Chautauqua Institution is a place where different art forms come together, and Shara McCallum will be diving into that relationship with her Brown Bag, “Poetry & the Visual Arts.”
McCallum is the poet-in-residence for Week One at the Chautauqua Writers’ Center, and her Brown Bag will be at 12:15 p.m. Tuesday on the front porch of the Literary Arts Center at Alumni Hall.
McCallum is originally from Jamaica, and her poetry has appeared in publications all over the world. Her most recent collection is 2017’s Madwoman. She serves as director of the Stadler Center for Poetry at Bucknell University, where she also teaches creative writing and poetry.
There’s a personal interest in the relationship between poetry and visual art for McCallum, but she said there’s also a long-standing tradition of poems responding to other art forms.
This particular form is called ekphrastic poetry, a term McCallum said she’ll briefly explain in her Brown Bag lecture. She said John Keats’ “Ode on a Grecian Urn” is a perfect example of this style of poetry, and that it’s one of his best odes.
McCallum said she’ll look at Keats’ famous poem and at other contemporary poets’ responses to art, such as Irish poet Eavan Boland and American poet Natasha Trethewey. She’ll look at how each poet approaches ekphrasis and discuss their artistic intent.
“At the end of the day, I hope people come for and then return to the poems,” McCallum said.
“Maybe it will encourage them to go back to Keats, or read more Natasha Trethewey or Eavan Boland.”
McCallum said she’s long been interested in the ways different types of artists create images.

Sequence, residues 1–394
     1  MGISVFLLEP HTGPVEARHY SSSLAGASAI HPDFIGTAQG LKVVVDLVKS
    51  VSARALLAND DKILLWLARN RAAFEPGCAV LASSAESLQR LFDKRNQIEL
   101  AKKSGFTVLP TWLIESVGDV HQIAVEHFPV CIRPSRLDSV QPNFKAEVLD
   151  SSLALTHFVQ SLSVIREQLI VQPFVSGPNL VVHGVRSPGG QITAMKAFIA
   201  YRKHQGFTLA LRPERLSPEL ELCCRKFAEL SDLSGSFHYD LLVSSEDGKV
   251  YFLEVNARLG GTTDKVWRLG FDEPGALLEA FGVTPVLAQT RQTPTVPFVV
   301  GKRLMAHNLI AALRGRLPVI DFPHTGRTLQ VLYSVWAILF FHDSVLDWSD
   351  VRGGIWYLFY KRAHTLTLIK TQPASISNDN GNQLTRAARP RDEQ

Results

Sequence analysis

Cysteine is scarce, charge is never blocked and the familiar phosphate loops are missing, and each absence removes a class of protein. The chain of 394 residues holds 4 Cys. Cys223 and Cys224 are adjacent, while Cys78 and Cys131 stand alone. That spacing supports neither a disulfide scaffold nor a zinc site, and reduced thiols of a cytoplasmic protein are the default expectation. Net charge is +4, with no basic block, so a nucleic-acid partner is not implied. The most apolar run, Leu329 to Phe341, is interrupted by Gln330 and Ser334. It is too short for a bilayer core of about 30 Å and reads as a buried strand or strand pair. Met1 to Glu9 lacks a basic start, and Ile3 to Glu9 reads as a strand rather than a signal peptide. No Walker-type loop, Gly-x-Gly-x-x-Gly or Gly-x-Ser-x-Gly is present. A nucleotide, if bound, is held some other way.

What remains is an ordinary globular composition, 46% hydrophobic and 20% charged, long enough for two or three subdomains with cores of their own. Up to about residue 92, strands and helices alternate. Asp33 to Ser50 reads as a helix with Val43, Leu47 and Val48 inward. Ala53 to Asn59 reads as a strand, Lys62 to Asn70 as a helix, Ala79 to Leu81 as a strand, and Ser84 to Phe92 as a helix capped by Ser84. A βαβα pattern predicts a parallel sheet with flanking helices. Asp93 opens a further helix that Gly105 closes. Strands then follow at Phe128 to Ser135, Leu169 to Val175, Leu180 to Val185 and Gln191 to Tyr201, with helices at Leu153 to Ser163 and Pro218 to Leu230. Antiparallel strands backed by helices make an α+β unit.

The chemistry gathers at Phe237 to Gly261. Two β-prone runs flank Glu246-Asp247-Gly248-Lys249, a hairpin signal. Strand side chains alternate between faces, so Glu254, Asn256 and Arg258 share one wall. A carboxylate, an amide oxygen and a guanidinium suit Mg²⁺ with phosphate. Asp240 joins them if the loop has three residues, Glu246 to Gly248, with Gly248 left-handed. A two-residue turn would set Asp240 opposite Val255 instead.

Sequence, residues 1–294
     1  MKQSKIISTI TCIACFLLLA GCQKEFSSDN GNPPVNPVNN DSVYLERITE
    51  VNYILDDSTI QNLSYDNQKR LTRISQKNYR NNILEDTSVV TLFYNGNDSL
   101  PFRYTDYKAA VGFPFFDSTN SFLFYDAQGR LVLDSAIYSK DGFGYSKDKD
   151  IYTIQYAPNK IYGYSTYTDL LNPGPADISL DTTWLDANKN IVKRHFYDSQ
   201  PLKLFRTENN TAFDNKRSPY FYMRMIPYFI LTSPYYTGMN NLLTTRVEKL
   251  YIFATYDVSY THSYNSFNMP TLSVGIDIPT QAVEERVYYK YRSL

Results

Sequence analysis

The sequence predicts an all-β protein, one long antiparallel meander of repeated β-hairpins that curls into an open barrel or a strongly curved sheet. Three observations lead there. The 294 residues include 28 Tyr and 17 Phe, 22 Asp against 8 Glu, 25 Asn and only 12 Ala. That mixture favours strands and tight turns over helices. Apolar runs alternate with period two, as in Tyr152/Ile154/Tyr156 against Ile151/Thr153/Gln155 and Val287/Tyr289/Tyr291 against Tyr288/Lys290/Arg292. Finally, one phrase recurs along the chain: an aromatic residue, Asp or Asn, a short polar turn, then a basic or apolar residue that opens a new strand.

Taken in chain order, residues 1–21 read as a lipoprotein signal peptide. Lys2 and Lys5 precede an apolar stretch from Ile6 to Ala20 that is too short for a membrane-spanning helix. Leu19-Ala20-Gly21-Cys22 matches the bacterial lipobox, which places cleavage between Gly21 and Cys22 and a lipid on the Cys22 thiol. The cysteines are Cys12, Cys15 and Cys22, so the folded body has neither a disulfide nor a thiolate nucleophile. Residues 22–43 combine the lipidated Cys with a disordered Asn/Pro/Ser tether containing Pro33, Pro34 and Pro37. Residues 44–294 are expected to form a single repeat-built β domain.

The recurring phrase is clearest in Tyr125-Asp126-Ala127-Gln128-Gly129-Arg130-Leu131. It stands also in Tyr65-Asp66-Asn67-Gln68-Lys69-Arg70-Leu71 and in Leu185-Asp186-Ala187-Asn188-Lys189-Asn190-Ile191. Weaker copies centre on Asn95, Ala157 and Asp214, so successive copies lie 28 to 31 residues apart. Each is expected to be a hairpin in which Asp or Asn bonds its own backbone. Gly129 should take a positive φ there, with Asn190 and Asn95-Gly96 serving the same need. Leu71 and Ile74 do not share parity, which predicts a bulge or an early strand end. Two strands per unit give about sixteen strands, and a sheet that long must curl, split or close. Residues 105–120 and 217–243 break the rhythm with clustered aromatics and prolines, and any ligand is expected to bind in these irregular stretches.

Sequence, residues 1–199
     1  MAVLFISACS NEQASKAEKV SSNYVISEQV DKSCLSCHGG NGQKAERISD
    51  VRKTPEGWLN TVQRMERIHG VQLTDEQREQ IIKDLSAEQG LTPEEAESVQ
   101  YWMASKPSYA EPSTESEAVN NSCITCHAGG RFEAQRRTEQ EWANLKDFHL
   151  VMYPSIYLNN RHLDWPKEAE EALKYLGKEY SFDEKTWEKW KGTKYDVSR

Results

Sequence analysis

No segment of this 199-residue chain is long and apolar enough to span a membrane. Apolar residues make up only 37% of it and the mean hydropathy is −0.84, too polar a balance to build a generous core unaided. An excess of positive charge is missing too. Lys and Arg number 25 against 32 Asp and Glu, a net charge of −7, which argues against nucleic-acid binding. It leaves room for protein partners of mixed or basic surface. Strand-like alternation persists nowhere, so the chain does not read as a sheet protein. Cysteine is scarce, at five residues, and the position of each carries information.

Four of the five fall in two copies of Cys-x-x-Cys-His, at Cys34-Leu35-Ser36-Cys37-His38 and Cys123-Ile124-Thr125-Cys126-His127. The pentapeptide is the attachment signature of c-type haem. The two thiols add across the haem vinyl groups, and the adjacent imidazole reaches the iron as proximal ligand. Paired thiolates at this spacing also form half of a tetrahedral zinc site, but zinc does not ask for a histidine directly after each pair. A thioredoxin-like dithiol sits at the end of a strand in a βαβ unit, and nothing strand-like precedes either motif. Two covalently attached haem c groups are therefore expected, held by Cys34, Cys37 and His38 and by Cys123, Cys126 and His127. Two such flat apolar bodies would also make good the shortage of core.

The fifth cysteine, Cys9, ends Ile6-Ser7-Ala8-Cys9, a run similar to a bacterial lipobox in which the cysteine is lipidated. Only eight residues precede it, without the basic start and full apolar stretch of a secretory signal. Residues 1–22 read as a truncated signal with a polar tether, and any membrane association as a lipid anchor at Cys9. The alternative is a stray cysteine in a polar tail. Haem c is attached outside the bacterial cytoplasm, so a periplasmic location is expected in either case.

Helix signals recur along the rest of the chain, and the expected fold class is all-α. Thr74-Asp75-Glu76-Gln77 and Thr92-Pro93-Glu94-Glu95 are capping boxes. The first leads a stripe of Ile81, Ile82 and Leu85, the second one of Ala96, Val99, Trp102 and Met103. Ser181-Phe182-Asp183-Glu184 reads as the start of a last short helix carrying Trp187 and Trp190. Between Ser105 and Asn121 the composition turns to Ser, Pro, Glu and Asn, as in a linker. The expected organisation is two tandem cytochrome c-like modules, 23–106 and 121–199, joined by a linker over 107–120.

“With painters and other artists, I think it’s a much more literal experience,” McCallum said. “They’re actually using color and texture and other materials to help us experience an image. I think in a way they have a leg up.”
Poets, however, have to rely on evocation to create images for their readers.
“Poetry is a pretty abstract form of art-making, because there is no sensory experience,” McCallum said. “We use language to trick the brain into feeling that you have that.”
It’s this push and pull that draws McCallum to the “bridge” between poetry and other art forms. She said visual art can often provide inspiration for poets, too.
“Sometimes the best way to get outside of yourself is to look at a painting,” McCallum said. “And the best way to see inside yourself is to look at a painting. There’s a paradox in that, which is why I love visual art.”
McCallum said she hopes her audience leaves her Brown Bag wanting to seek out the poets she discusses, as well as the images they’re responding to in their work. She said if nothing else, her lecture will be an introduction to some new poets.
“There are just so many great poets in the world to get to know,” McCallum said.